Like Supreme Court Justice Potter Stewart's infamous crack about obscenity, style is pretty much undefinable, but you know it when you see it. It's an inner grace, an outward ease and a joie de vivre that sets a man a part from the pack (unless it's a Rat Pack). It's the sublime rather than the superficial, the natural verses the synthetic, the snap without the crackle. It's a bop and a sway and a swing that's as elusive as true beauty -- and just as hard to miss. Style can't be faked. But it can be learned. (To some degree at least.) And with practice, it can even be perfected.

Of course acquiring said style is not something you do overnight. It takes patience, diligence, and great attention to detail. The trick is that it's gotta look completely effortless. And unless you're one of those rare cats to whom the swagger was born, that is some trick indeed.

Fortunately there are swells such as Glenn O'Brien who not only know the tricks, but who are willing to show you how they're pulled off. Each month the gentleman wordslinger answers the most pressing sartorial questions for GQ as "The Style Guy." And there's no telling how many men his all-knowing has helped to saved face. Better yet, O'Brien has taken a lifetime's worth of exacting experience and put it in a nifty book that shelves perfectly between Alan Flusser's Style and the Man and James Sherwood's Bespoke. (Or for the really adventurous, Daniele Tamagni's Gentleman of Bacongo.) The work is called How to Be a Man (Rizzoli $24.95). And if you heed these how-to's, you too can be a helluva style guy.

Subtitled A Guide to Style and Behavior for the Modern Gentleman, O'Brien's handy-dandy guide is for both the budding Beau Brummell, as well as the style war veteran. The former will find in O'Brien a mentor of robust dimension; the latter a like mind who's ever mindful of what it takes to be a real gentleman. In other words, whether he's addressing how to dress for various occasions or how to behave once you get there, it works as either an introduction or a reminder. That means it's for every man who puts on his pants one leg at a time.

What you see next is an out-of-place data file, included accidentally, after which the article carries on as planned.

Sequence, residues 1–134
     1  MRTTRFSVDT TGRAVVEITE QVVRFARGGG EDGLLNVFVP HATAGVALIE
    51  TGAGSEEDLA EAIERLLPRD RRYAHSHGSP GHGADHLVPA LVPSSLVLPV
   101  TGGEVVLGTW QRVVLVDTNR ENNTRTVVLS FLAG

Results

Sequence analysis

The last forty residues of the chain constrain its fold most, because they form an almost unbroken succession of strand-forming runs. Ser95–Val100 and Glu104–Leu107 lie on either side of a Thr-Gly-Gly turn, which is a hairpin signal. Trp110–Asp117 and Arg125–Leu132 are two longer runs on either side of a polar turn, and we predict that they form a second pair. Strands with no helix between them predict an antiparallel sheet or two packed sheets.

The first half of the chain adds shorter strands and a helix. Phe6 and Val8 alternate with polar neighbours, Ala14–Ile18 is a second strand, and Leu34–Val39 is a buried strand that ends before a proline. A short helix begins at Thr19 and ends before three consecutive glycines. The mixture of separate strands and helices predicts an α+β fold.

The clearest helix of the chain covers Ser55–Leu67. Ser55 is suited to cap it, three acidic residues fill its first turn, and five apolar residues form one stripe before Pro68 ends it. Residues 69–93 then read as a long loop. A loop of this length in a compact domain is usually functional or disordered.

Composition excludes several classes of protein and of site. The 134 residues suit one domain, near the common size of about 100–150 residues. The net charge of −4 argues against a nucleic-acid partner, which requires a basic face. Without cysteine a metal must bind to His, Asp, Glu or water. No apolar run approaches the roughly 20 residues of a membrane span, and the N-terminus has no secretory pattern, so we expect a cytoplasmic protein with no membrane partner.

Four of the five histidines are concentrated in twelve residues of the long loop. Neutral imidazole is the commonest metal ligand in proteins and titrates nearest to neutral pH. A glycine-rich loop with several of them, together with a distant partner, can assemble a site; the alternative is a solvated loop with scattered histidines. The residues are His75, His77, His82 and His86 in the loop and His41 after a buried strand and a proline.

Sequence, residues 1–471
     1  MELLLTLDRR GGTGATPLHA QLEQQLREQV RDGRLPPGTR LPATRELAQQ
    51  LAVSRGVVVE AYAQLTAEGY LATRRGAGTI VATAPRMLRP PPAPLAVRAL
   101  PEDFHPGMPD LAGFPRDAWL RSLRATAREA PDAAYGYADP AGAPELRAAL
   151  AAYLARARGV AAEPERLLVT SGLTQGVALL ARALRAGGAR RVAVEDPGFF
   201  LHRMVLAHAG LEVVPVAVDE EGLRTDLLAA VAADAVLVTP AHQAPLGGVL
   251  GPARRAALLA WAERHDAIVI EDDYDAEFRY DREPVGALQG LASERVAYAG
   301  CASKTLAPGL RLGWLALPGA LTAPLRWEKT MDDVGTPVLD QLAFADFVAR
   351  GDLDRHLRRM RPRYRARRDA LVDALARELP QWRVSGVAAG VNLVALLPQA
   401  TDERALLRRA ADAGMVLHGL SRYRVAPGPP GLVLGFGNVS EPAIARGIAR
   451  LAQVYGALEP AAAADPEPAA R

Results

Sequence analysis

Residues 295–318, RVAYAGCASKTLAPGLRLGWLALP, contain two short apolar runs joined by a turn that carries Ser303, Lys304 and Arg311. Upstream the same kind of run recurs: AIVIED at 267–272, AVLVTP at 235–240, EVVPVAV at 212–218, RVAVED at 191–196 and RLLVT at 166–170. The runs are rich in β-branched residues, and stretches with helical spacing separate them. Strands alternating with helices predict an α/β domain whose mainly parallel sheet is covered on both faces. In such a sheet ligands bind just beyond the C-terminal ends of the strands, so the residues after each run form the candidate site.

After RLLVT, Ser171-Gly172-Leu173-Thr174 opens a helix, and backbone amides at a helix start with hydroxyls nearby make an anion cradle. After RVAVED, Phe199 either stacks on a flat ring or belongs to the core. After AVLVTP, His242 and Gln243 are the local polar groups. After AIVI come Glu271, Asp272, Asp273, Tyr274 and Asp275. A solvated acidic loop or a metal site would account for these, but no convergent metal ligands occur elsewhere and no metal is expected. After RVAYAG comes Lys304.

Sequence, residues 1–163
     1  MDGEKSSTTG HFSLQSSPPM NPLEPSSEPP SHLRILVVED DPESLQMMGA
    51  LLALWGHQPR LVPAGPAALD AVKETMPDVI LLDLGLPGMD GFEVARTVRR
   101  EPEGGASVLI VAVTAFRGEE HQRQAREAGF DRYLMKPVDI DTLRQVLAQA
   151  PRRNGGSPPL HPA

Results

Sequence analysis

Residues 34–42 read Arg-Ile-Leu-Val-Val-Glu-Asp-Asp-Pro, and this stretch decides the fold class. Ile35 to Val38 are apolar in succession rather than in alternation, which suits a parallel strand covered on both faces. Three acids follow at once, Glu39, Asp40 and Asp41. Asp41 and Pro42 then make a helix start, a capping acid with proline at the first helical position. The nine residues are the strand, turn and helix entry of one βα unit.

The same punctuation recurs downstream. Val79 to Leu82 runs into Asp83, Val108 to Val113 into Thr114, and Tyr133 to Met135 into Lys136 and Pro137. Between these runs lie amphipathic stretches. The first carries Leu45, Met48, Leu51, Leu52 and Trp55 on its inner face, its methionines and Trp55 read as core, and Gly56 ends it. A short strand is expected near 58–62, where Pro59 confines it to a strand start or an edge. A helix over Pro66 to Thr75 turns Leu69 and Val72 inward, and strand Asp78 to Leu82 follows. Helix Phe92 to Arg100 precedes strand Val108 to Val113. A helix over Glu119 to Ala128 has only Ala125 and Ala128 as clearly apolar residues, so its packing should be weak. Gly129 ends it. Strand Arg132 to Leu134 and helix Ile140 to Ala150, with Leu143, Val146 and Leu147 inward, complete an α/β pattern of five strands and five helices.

As Robert Coover wrote in his post neo-Noir Noir, "it's not the story you're trapped in, [it's] how you play it out. Your style. Class. The moves you make." And if you wanna make the moves that make the day and the nigh for everybodyt, you'd do well to heed O'Brien's wily advice. Oh, and by the way, that 1964 obscenity case mentioned above involved Ohio's attempt to ban Louis Malle's The Lovers, a film which every man of style should definitely see.

The other day SunPost Weekly shot O'Brien a few quick Qs; here's what he shot back:

What compelled you to write How to Be a Man?

First of all, you need an excuse for an essay book unless you're on staff at The New Yorker, and since I have my GQ clientele, who follow the Style Guy, I thought I should write a book they would enjoy.

Could it just as easily be called How to Be a Gentleman?